It's not entirely uncommon for a country's horror output to seemingly do its best to put off any prospective tourists but the recent horror films emanating from Australia (and even dating back to the very beginning of the Australian New Wave and Long Weekend in 1978 show Australia as a vast country that is not to be messed with. More recent films have introduced themes of cannibalism (Dying Breed), out-of-control nature (Long Weekend, Rogue, Black Water) or psychopaths in the outback (Wolf Creek). Because the country is so vast and the railway system doesn't always allow you to go exactly where you want to, people often turn to the highways which, because the outback is so enormous, are straight roads which seemingly go all the way to the horizon. Not only do tourists, both domestic and foreign, take to the roads, but commercial transit will also use lorries instead of trains to transport goods across the country -- these enormous vehicles are apparently known as road trains.
Road Train, which is more widely known as Road Kill, begins with a group of four friends, separated into couples, camping out and enjoying each other's company including athletic sex in a tent. The next day, they hit the road in order to travel on to their destination when a huge road train appears in the rear view mirror. Wanting the lorry to pass them as the sheer experience on a vehicle that size overtaking you on the road is apparently quite an experience, they wait for the lorry to approach them and then pull out to pass. After overtaking the Jeep, Craig decides to overtake the lorry and one of the girls yells at him for his brother reckless driving, having driven up to the back of the car. The road train's responses to slam into the back of the Jeep before ramming it off the road and causing one of the group, Craig, to suffer a compound fracture of his forearm. The others realised that, without medical attention and fluids, Craig will die and things look particularly grim when they see the truck parked up ahead of them on the road.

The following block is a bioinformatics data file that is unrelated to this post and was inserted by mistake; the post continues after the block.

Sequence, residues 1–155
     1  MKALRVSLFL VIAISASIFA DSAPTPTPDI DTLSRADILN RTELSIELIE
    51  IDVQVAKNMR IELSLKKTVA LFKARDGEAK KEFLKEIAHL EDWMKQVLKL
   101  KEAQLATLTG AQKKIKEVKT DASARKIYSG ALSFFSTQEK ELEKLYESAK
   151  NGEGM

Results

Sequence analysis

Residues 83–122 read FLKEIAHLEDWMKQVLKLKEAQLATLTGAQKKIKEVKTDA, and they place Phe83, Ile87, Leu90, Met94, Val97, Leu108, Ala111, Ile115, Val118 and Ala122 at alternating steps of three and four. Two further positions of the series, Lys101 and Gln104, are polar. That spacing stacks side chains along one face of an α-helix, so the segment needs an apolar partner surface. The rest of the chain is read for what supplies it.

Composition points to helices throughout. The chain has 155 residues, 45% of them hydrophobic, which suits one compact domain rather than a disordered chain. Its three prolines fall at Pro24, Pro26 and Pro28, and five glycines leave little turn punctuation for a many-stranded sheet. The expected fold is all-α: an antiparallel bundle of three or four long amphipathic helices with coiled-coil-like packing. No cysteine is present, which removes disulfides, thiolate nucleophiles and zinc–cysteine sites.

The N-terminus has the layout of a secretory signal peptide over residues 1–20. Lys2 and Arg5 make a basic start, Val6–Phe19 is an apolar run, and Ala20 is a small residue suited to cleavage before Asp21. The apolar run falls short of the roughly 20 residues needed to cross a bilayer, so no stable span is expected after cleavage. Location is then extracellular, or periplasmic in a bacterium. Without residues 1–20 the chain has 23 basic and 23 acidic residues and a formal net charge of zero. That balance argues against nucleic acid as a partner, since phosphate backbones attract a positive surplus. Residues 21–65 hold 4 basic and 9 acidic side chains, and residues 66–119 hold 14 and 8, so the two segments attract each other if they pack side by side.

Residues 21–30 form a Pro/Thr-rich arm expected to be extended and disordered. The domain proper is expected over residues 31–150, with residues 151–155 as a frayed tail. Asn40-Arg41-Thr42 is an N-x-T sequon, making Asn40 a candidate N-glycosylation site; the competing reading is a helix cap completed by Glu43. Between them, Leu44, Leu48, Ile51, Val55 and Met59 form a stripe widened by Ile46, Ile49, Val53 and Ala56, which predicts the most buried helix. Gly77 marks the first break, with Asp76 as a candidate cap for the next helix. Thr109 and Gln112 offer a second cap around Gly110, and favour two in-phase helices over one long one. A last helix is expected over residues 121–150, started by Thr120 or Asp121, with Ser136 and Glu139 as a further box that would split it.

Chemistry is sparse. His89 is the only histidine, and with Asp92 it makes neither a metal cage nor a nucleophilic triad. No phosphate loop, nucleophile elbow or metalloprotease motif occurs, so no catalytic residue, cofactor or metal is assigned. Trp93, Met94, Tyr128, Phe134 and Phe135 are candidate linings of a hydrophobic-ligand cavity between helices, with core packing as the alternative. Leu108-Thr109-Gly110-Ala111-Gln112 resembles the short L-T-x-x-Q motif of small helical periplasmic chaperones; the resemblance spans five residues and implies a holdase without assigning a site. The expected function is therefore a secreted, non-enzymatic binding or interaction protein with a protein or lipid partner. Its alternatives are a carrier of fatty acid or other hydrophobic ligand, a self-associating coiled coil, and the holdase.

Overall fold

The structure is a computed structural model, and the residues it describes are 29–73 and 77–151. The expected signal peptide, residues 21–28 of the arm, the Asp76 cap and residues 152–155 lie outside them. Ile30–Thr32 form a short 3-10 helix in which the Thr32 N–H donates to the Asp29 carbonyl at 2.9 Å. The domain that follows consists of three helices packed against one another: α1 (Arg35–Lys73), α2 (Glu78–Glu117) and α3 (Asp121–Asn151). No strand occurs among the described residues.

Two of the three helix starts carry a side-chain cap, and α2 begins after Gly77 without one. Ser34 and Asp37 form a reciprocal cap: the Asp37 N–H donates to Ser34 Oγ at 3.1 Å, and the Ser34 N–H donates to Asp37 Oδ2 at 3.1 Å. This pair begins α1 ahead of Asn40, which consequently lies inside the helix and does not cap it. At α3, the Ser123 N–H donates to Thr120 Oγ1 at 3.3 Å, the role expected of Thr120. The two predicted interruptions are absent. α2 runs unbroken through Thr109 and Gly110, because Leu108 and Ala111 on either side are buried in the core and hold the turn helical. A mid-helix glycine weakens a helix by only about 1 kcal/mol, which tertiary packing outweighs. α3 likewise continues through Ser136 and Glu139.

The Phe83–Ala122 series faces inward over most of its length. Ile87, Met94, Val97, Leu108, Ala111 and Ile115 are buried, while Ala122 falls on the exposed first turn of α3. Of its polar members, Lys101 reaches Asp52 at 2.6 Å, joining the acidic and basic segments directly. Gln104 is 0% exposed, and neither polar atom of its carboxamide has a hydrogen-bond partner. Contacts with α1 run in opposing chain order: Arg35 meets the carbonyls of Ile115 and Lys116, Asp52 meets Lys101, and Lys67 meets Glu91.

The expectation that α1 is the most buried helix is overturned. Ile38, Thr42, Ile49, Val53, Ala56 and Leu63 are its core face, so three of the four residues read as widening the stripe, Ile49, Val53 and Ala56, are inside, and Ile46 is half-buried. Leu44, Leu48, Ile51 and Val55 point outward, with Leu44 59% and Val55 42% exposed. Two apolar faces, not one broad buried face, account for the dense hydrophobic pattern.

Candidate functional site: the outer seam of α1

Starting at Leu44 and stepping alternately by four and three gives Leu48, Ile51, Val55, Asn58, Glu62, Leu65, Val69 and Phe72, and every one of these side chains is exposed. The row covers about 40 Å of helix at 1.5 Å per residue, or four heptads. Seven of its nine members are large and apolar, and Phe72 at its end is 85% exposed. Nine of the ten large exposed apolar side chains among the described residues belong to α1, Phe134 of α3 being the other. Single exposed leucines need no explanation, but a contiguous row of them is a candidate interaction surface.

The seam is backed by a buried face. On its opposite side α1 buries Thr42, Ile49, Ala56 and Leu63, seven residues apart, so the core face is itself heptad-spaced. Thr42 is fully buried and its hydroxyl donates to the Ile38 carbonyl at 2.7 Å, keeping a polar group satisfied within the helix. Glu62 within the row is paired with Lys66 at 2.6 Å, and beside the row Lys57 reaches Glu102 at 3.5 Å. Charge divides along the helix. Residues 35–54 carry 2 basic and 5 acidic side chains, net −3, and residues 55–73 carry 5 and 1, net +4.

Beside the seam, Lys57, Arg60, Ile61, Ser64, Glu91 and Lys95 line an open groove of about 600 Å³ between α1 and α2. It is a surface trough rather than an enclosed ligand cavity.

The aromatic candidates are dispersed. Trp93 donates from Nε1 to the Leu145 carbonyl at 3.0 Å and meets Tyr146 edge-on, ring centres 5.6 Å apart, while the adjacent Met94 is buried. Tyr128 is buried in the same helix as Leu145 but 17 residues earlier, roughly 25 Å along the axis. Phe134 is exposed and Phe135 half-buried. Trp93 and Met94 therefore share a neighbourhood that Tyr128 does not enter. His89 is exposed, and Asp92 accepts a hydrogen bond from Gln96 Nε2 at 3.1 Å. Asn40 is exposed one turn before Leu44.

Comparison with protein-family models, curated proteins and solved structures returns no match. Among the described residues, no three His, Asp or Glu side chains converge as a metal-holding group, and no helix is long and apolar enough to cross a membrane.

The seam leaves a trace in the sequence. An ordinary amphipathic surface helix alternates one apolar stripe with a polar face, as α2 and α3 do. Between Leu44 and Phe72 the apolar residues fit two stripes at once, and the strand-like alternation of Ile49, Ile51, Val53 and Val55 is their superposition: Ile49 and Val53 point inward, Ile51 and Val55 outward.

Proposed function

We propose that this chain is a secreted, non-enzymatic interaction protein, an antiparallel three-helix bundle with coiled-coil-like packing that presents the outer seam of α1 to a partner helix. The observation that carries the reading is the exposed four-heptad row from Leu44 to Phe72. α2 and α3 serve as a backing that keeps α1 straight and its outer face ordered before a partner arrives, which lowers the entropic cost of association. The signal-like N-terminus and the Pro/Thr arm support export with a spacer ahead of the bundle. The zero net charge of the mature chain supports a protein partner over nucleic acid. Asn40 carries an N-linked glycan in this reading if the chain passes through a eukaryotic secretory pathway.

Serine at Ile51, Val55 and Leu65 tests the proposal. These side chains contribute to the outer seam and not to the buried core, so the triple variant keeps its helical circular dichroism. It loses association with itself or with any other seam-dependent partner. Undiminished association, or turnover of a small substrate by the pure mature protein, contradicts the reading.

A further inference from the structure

With little in the way of alternatives, they leave Craig in the Jeep's backseat and decide to investigate the truck. When the two girls get to the wagon, they find that the driver has disappeared, leaving the cabin door open and the keys in the ignition whilst Marcus encounters the gun toting driver who has seemingly killed his co-driver and is chasing them, firing off rounds as he goes. With the hulking vehicle to themselves they decide to commandeer it and it mysteriously starts with Marcus, who has only ever had experience of driving regular vehicles, doing extremely well to operate this massive vehicle with two containers attached to the back. Whilst they are driving along, the radio comes on by itself and a country song plays which seems to cause all 4 to drift off into a peaceful sleep.
Waking up with the truck amazingly having driven off the road and up onto the top of a small dirt track, Craig has absolutely no idea how he managed to drive to that location and isn't even aware that he has been asleep. As it is impossible to reverse down the thin and precarious road, they must try and find help from alternative methods and one of the girls thought she saw a shack a few miles back, something which Craig hotly disputes, so she heads off in search of help whilst Craig goes off to try and flag down a vehicle and Craig's girlfriend, Liz, stays with him.
What happens from here is mysterious and nightmarish as a perfunctory investigation reveals that not only are the fuel tanks empty, they have never contained diesel and the engine itself is virtually non-existent. The question is: how does the vehicle operate and, furthermore, how did they end up in the desolate location when everyone in the cabin, including the driver, was fast asleep.